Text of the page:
In 2005, his successor at the Journalism Training Organization, Jim Tucker, found that 12 percent of current students at the 10 journalism schools across the country had Maori backgrounds.

That was a big improvement, but only 1.6 percent had a Pacific Islander background, and fewer than one in 100 students were Asian.

“Little effective effort” was being made to attract them to the media, Jim Tucker said, and they turned to Gary Wilson for advice. He said a Pasifika journalism school would improve the flow of talent.

It did not happen.

When Massey University journalism professor James Hollings analyzed the 2006 census data and conducted his own post-survey of journalists, he found that the trade was still overwhelmingly European / Pakeha.

The following year, Equal Employment Opportunity Commissioner Judy McGregor, a former newspaper editor, condemned the situation as “embarrassing”.

And when Gary Wilson was honored with the NZOM for his services to the media last year, he didn’t beat around the bush either.

“There is still a very white and largely ignorant media outlet that does, for the most part, a lousy job of covering the issues of the Maori and the Pacific Islands,” he said.

“There is a very fragmented, and in many cases relatively amateurish, range of Maori and IP media organizations that are doing their best. . . but they are not sufficiently coordinated or funded to do it particularly well, “he added.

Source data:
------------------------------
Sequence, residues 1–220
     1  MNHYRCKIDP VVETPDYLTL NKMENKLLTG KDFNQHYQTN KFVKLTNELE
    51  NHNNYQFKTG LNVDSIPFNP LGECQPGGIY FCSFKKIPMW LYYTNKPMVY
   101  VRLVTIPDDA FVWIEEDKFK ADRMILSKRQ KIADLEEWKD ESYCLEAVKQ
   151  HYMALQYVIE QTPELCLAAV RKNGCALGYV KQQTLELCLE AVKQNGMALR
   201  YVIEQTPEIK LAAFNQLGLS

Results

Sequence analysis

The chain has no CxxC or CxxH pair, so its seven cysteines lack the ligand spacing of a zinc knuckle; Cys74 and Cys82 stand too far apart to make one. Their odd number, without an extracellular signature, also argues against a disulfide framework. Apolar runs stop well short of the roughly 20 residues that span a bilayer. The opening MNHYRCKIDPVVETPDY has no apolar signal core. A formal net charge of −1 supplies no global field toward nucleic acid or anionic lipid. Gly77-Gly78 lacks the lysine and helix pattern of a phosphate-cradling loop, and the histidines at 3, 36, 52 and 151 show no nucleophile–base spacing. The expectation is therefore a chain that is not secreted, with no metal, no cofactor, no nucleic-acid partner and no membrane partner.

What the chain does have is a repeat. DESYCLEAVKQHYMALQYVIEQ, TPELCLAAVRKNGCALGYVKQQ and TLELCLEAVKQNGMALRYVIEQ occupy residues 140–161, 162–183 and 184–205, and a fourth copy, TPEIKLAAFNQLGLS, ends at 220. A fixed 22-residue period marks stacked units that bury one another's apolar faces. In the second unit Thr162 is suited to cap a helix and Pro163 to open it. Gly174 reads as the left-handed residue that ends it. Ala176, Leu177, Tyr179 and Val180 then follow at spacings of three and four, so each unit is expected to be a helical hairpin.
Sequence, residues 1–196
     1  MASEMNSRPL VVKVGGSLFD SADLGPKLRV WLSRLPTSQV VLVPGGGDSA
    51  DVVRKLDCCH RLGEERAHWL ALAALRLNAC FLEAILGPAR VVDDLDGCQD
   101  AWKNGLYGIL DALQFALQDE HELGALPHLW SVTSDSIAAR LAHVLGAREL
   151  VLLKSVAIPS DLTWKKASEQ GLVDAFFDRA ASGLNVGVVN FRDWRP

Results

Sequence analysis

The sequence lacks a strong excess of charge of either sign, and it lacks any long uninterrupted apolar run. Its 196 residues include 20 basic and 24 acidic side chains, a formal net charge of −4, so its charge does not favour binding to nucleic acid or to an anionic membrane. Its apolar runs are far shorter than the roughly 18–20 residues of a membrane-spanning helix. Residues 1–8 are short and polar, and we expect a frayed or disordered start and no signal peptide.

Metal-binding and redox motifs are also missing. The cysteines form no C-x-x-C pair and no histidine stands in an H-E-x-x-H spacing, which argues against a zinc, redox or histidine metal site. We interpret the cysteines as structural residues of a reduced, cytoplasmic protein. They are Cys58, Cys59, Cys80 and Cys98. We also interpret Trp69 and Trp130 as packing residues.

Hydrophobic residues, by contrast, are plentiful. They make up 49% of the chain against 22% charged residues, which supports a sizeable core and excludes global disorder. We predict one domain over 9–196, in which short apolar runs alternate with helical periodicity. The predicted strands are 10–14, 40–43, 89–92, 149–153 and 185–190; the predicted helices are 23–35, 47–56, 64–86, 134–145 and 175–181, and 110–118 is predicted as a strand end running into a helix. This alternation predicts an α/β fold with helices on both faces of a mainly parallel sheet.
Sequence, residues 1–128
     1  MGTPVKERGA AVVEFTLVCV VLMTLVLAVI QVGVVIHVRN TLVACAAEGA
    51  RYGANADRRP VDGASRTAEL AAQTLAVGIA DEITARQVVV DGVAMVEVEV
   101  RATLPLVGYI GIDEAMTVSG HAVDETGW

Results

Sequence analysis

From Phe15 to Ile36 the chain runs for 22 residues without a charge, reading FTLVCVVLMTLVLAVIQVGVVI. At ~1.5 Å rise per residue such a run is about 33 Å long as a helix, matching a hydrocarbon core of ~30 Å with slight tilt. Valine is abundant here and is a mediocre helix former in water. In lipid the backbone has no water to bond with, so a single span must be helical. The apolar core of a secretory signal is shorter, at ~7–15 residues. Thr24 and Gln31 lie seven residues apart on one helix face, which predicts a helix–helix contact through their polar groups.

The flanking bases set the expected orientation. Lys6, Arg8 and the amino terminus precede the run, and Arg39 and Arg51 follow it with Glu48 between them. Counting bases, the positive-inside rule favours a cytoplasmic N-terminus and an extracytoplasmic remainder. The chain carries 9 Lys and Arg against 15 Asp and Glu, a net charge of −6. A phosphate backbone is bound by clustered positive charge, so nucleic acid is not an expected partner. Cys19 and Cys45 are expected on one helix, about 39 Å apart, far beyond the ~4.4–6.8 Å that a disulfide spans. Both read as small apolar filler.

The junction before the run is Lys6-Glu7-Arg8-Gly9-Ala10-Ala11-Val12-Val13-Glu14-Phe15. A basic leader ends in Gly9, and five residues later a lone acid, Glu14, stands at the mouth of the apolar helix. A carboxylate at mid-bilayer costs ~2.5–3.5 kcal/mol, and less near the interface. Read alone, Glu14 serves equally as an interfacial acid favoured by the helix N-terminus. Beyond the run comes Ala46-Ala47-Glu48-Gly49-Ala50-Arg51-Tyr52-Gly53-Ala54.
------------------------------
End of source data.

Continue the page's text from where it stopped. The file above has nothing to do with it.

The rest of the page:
The way they are monitored does not help.

TO Change in the Maori media sector The review initiated in 2018 noted that “there is no coordinated strategy for recruiting or developing talent.”

A review draft last year – Te Ao Pāpāho Māori: a new path – proposed a “Center of Excellence” for training within Maori television.

But leading Maori journalists and experts criticized the ideas, which were supported by former Maori development minister Nanaia Mahuta.

A new review is now underway under the direction of another new minister, Willie Jackson (formerly a broadcaster himself and head of the Maori urban station Radio Waatea).

The changes this will bring are not exactly imminent, but in the meantime, the Te Rito cadet project is leading applicants to begin training next year.

How will it work and who is in charge?

Gesa Luamanu, director of the Te Rito Journalism project.

Gesa Luamanu, director of the Te Rito Journalism project.
Photo: supplied

Few journalists knew Gesa Luamanu prior to her appointment to direct Te Rito last week.

“I had my reservations about running for the position because I didn’t necessarily have a background in journalism, but. . . I have the opportunity to hire the right people to support those elements of the program, ”said Gesa Luamanu. Mediawatch.

Luamanu has more than 10 years in senior content, production and management roles at Sky TV, and 20 years of experience in the media industry.

“I believe in the kaupapa that the Te Rito program represents. I always wanted to be a journalist, but the industry always intimidated me. Being Samoan, it is not one of those usual industries or careers that we enter. So I would love to be part of a program that supports this change, ”he said.